Things We Wish Someone Told Us Senior Year

Once you walk across the graduation stage, things change – whether you’re ready for them or not. Suddenly, all the structure vanishes. No classes, no extracurriculars, no early mornings or all-nighters, no unavoidable social interactions, no homework, no tests, no set path. You may already be 18, but the transition from high school to the vast unknown is a far more significant threshold to cross. That’s why the habits you form during the final few months of your primary education are what craft your young adulthood, whether you’re going on to pursue additional education, taking a gap year, or entering the workforce. 

Many look back at their high school years and think they slipped by too fast. Some wish they joined more clubs; others wish they had taken different classes to prepare them for the real world. Everybody is different, which means everyone’s swan song – a.k.a. senior year of high school – will be a little different, too.

We’re giving you a series covering the things we wish someone told us before we moved our tassels and tossed our caps in the air. Here’s Part 1.

Learn How to Make & Keep Friends

In school, you’re with your peers for hours every day, five days a week, for nearly ⅔ of the year, for twelve years. That’s a lot of time! You’re bound to at least make some acquaintances, and if your classes, extracurriculars, and hobbies overlap enough, you’re bound to make friends, even. When you aren’t placed in the same environments as your peers, figuring out how to facilitate friendships gets trickier. 

Where You Can Make Friends Post Grad (or while you’re still in school)

  • Work
  • Church
  • Volunteering
  • The gym
  • Farmers markets 
  • Parks
  • High school clubs and organizations
  • Sports games 
  • Museums, shops, and libraries
  • College 
  • Cafes, coffee shops, and restaurants
  • Public transportation
  • Movie theaters
  • Concerts & live event venues
  • Classes or workshops 

Put Down Your Phone and Take Out Your Earbuds

You can’t interact with someone if you’re mindlessly scrolling on your phone or tuning out your surroundings with music or podcasts. Eye contact? Sure. A passive smile or nod? Of course. However, you can’t form real connections when you’re being, well, antisocial. 

Keep the earbuds out when you’re walking to your next class, hanging out in study hall, browsing the school library, chowing down in the cafeteria, or waiting for your ride after class. It may push you out of your comfort zone a little, but start interacting with the people you see regularly, like classmates who sit near you in the lunchroom, or who walk the same path as you to class, or even your barista at the coffee shop you stop by on Fridays and your usher on discount day at the local cineplex. A simple “hello, how’s your day going?” or a personalized compliment is just the ticket.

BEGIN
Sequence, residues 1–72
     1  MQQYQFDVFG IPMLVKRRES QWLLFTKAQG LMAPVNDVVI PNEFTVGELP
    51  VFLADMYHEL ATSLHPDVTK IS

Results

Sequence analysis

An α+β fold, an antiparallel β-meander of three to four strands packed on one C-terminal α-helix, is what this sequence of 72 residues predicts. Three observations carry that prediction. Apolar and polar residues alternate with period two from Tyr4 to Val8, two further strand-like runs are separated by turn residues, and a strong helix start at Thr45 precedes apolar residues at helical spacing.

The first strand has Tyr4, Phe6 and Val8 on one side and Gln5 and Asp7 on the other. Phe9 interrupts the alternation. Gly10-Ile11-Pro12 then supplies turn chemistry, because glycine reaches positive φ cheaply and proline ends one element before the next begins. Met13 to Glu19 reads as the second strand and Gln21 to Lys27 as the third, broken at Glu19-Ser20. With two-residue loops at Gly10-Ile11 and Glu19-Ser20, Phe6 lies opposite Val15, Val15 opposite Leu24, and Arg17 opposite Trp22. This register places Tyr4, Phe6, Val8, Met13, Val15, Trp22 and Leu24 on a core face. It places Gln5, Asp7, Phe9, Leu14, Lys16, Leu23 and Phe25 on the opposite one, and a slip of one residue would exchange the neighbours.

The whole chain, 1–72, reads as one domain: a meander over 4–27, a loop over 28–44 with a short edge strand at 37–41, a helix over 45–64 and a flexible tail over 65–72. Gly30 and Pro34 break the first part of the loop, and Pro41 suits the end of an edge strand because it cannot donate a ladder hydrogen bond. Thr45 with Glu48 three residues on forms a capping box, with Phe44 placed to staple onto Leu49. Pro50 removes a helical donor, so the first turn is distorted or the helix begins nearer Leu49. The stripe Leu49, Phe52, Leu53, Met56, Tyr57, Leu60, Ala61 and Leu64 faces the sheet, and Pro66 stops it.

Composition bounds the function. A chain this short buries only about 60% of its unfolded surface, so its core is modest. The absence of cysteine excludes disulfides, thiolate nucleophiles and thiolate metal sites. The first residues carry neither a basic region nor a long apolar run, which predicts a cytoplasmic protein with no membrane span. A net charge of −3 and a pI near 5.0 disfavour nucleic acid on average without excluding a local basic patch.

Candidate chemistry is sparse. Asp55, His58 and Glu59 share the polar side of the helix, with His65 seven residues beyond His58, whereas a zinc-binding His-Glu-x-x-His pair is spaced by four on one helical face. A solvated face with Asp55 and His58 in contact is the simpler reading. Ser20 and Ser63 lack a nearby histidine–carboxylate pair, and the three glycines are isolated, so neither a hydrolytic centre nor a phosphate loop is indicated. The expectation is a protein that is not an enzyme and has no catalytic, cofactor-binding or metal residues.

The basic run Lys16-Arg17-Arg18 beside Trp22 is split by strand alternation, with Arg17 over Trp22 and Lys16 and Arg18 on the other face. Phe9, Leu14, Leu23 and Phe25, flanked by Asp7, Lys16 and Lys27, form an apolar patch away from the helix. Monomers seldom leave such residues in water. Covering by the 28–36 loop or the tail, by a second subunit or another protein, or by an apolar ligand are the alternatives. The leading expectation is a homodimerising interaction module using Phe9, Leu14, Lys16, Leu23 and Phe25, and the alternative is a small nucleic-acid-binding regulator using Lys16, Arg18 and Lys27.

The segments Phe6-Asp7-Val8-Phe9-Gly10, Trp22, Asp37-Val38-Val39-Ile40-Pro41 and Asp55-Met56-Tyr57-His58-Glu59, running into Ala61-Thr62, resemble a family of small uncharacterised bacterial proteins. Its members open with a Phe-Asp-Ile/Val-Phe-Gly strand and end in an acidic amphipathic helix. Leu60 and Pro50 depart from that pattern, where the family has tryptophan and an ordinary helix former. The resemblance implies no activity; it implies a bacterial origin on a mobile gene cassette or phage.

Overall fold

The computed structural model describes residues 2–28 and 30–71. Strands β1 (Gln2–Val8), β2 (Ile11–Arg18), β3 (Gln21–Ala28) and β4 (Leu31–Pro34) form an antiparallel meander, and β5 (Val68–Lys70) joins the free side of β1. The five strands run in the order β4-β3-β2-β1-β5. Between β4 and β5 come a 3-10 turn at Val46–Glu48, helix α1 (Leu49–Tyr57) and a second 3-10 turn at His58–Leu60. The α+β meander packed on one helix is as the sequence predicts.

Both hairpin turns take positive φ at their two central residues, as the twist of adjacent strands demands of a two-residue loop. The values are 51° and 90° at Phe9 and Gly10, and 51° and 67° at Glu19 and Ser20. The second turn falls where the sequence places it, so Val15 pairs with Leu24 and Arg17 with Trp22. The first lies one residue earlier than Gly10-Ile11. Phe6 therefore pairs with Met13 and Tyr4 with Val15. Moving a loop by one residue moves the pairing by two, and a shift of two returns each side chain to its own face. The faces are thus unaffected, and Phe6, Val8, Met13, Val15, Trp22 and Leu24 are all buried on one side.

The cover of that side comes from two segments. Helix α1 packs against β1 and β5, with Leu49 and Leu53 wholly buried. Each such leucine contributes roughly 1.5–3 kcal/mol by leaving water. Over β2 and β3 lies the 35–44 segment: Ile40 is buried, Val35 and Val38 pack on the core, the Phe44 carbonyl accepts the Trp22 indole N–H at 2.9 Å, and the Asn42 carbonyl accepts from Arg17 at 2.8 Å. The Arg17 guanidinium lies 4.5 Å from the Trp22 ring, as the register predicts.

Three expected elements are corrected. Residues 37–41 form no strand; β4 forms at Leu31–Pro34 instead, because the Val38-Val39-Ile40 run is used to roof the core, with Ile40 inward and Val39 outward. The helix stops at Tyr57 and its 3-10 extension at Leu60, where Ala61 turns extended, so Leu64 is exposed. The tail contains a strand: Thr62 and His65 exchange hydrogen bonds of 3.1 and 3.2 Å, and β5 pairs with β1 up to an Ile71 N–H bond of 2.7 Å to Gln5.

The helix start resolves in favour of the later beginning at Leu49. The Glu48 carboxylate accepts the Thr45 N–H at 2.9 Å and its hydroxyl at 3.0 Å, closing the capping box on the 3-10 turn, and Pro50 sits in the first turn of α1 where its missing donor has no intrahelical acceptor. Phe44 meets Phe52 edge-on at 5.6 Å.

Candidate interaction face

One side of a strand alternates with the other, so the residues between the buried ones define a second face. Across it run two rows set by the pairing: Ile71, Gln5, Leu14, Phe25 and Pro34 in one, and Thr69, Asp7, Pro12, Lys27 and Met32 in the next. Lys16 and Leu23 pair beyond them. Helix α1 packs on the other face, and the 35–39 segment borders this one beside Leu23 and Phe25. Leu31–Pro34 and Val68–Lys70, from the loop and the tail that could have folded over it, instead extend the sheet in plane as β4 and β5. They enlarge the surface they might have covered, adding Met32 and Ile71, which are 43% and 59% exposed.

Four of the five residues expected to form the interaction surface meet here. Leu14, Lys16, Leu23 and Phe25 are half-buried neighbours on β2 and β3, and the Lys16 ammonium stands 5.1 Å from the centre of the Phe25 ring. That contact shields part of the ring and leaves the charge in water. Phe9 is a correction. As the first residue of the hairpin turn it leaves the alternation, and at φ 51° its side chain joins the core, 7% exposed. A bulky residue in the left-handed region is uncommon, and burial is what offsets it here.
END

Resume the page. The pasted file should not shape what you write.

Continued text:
Go Out and Try Something New (like high school clubs and organizations!) 

Get out of your bubble every once in a while, away from the technological baggage, too. All kinds of high school clubs and organizations exist – you simply have to join! Whether you join a high school sports team, orchestra, yearbook staff, or a service committee, it’s never too late! 

School-sanctioned activities are perfect because you’ll learn where and how to find friends without an institution’s guidance. Plus, you might even walk away with a new hobby or interest! Give it an earnest effort, though; going to one club meeting or club fair won’t truly give you the best look at what they have to offer. Try attending club meetings at least three times, going to three games, or participating in three practices before calling it quits.

Things Don’t Just Happen – Be Intentional 

We’d wager that almost everyone sits on the other side of a screen hoping plans will come naturally by someone else reaching out rather than having to do it all themselves. Unfortunately, if everyone did that, nobody would ever socialize. Ask classmates if they’re interested in a club or if they’re already in clubs or on teams that they absolutely love. Some of the best friendships often come from friends of friends, so consider starting there while you’re cruising through senior year. You never know when you’ll stumble upon an old classmate in the future – whether it be at a job, in a college class, or out on the town. 

We know – it’s hard to overcome the “I don’t want to bother them” type of thinking, but more often than not, the recipient will be delighted that someone wants to spend time with them or expresses interest in something they love! Try not to overthink it. Become okay with the idea of going to high school clubs or organizations solo if the people you ask are busy. You need quality 1:1 time with yourself just as much, and who knows? You may just make a new friend who’s riding solo like you.

When it comes to making and keeping friends, there are four key things to remember: 

  • Be flexible
  • Communicate 
  • Be patient
  • Stay committed to friendship upkeep

Make & Keep Memories with Your High School Friends Wearing 1st Place Spiritwear

Yearbooks are pretty standard mementos, but when those go out of style or become digital, you know what will still be around? High school spiritwear. If your club, team, or organization is having trouble coming up with unique senior shirt ideas, or if you merely need someone to do the heavy lifting for you, 1st Place Spiritwear is the place to go.

You can choose from over 200 original designs featuring your school’s mascot, name, and colors and get them delivered right to your door – not to mention that we only sell the highest quality garments. We want your high school spiritwear to last long after you hang up your graduation gown.

Check out our other designs!

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